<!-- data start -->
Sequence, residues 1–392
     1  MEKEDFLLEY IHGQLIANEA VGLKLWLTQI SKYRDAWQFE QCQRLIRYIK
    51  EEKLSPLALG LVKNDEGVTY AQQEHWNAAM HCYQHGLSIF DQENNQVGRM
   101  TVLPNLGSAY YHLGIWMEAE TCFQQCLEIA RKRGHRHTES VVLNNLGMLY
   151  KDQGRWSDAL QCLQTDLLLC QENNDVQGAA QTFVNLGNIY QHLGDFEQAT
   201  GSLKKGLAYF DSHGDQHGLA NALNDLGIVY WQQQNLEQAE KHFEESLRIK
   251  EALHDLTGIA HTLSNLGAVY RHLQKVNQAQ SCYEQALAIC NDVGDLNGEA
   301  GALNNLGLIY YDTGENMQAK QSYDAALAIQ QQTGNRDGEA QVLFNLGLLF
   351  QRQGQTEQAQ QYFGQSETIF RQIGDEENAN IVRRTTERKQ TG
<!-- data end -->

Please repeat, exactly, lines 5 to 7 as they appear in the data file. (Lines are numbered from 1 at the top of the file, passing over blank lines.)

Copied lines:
   151  KDQGRWSDAL QCLQTDLLLC QENNDVQGAA QTFVNLGNIY QHLGDFEQAT
   201  GSLKKGLAYF DSHGDQHGLA NALNDLGIVY WQQQNLEQAE KHFEESLRIK
   251  EALHDLTGIA HTLSNLGAVY RHLQKVNQAQ SCYEQALAIC NDVGDLNGEA